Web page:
(For the audio version of this blog, please visit: http://brothersinchristcmf.org/wp-content/uploads/2022/02/Mass-Blog-for-the-1st-Sunday-in-Lent-2022.mp3)
As we enter Lent, we are called to reexamine our diets—maybe by cutting down or eliminating empty calories. But there’s one food for which we are invited to be gluttons. The word of God is sustenance with many calories to keep us going through the leanest times. Those calories are calculated in truth.
As Sunday’s gospel reading tells us (Lk 4:1-13), Satan tried emptying the truth from the word of God on which Jesus was feasting in the desert. He even tried tempting Jesus to misuse the tools his Father gave him to accomplish his earthly mission.
The devil said to him, “If you are the Son of God, command this stone to become bread.” Jesus answered him, “It is written, one does not live on bread alone.”
The Evil One is obviously familiar with God’s word—a delicacy he gave up long before this meeting with the second Adam in the desert. And again, he tried using his adulterated rehash of it to poison Jesus, just as he did successfully to the first Adam:
If you are the Son of God, throw yourself down from here, for it is written: “He will command his angels concerning you, to guard you, and: With their hands they will support you, lest you dash your foot against a stone.”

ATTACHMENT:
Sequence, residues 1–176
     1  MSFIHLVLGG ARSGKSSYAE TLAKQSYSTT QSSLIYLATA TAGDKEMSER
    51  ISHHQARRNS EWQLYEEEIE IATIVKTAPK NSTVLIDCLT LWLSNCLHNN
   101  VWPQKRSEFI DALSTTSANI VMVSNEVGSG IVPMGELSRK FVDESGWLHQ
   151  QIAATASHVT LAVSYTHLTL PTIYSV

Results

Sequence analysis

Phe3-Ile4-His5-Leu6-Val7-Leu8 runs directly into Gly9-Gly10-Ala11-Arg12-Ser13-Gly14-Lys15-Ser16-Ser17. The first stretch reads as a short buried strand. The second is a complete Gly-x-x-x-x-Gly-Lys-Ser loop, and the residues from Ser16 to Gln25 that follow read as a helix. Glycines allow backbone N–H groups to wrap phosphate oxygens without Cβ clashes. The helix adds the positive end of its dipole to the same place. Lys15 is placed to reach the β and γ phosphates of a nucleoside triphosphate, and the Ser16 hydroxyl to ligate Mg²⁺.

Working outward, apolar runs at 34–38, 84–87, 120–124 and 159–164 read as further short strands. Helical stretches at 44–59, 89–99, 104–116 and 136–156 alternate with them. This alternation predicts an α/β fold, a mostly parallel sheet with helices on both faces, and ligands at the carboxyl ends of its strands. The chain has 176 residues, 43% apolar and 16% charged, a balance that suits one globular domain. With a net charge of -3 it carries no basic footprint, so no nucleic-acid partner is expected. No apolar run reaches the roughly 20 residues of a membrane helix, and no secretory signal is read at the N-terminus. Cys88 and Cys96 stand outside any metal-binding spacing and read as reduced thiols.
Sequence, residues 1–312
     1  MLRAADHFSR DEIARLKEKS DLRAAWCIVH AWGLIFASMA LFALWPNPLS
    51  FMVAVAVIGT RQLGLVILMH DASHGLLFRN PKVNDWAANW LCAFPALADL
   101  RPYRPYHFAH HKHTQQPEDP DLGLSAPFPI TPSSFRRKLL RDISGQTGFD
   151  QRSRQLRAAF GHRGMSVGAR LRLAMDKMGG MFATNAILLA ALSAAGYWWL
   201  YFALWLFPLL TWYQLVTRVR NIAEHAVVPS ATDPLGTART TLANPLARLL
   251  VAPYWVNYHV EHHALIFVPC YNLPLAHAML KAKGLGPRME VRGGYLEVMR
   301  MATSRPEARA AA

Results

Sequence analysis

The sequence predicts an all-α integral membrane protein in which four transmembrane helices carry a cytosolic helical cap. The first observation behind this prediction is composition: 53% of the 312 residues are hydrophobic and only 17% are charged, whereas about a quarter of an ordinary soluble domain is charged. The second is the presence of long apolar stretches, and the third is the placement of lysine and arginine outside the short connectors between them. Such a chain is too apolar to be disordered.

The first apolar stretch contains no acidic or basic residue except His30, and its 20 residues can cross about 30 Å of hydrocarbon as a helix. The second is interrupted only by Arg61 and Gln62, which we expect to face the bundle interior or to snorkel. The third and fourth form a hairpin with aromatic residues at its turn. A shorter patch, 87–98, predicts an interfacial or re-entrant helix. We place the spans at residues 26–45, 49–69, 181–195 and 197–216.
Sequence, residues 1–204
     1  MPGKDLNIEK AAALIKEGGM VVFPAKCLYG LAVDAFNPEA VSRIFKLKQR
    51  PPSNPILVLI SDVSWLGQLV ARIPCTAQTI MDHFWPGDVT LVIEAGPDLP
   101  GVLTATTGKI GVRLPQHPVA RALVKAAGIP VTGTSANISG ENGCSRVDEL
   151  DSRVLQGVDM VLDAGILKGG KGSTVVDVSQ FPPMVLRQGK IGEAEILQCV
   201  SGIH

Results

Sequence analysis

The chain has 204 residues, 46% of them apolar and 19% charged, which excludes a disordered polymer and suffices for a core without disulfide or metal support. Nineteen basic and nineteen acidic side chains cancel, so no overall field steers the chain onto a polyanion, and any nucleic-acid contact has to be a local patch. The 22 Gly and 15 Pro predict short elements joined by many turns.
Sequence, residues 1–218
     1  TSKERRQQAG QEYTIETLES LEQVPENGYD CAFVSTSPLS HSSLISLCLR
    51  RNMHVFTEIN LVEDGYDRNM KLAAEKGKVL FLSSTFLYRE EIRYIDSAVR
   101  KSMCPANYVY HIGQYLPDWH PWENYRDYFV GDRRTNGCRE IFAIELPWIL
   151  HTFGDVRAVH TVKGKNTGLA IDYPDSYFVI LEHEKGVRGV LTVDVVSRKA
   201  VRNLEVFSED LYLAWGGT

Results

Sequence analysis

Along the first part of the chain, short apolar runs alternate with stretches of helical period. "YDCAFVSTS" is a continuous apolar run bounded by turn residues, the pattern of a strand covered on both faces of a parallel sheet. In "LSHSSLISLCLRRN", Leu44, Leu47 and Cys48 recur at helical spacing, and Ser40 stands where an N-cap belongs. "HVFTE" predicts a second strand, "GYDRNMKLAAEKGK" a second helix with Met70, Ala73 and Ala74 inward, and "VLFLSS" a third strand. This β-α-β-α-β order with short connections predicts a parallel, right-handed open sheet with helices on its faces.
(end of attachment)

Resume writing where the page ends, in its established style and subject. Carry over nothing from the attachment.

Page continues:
But as Jesus realizes, Satan’s earthbound soul can’t metabolize the truth in the psalmist’s inspired words (Psalm 91). And therefore, Jesus teaches us to let our hearts digest them so joy will sustain us beyond our time on this earth and into his Father’s Kingdom.
Easy words for me to write, right? But starving children in the world’s poorest nations have found the strength to smile in gratitude for this rich faith they’ve been fed. Benedictine Monk Brother David Steindl-Rast explains how in his book, “Gratefulness, the Heart of Prayer.” He tells of a trip to Enugu, Africa, where he says he saw groups of children gathered on street corners to pray the rosary.
“Nowhere have I seen more radiant joy in children’s eyes than in the former Biafra. … Then it dawned on me that the joy I observed plays on a deep knowledge of suffering as sunrays play on the surface of dark waterholes. Only a heart familiar with death will appreciate the gift of life with so deep a feeling of joy.”
We would be well-fed to adopt the world-free faith upon which these children feast. As Paul implies in Sunday’s second reading (Rom 10:8-13), it is a soul food free of geographic boundaries and full of boundless energy. All we need to do is ask for it and our supply is eternal:
For there is no distinction between Jew and Greek; the same Lord is Lord of all, enriching all who call upon him. For “everyone who calls on the name of the Lord will be saved.”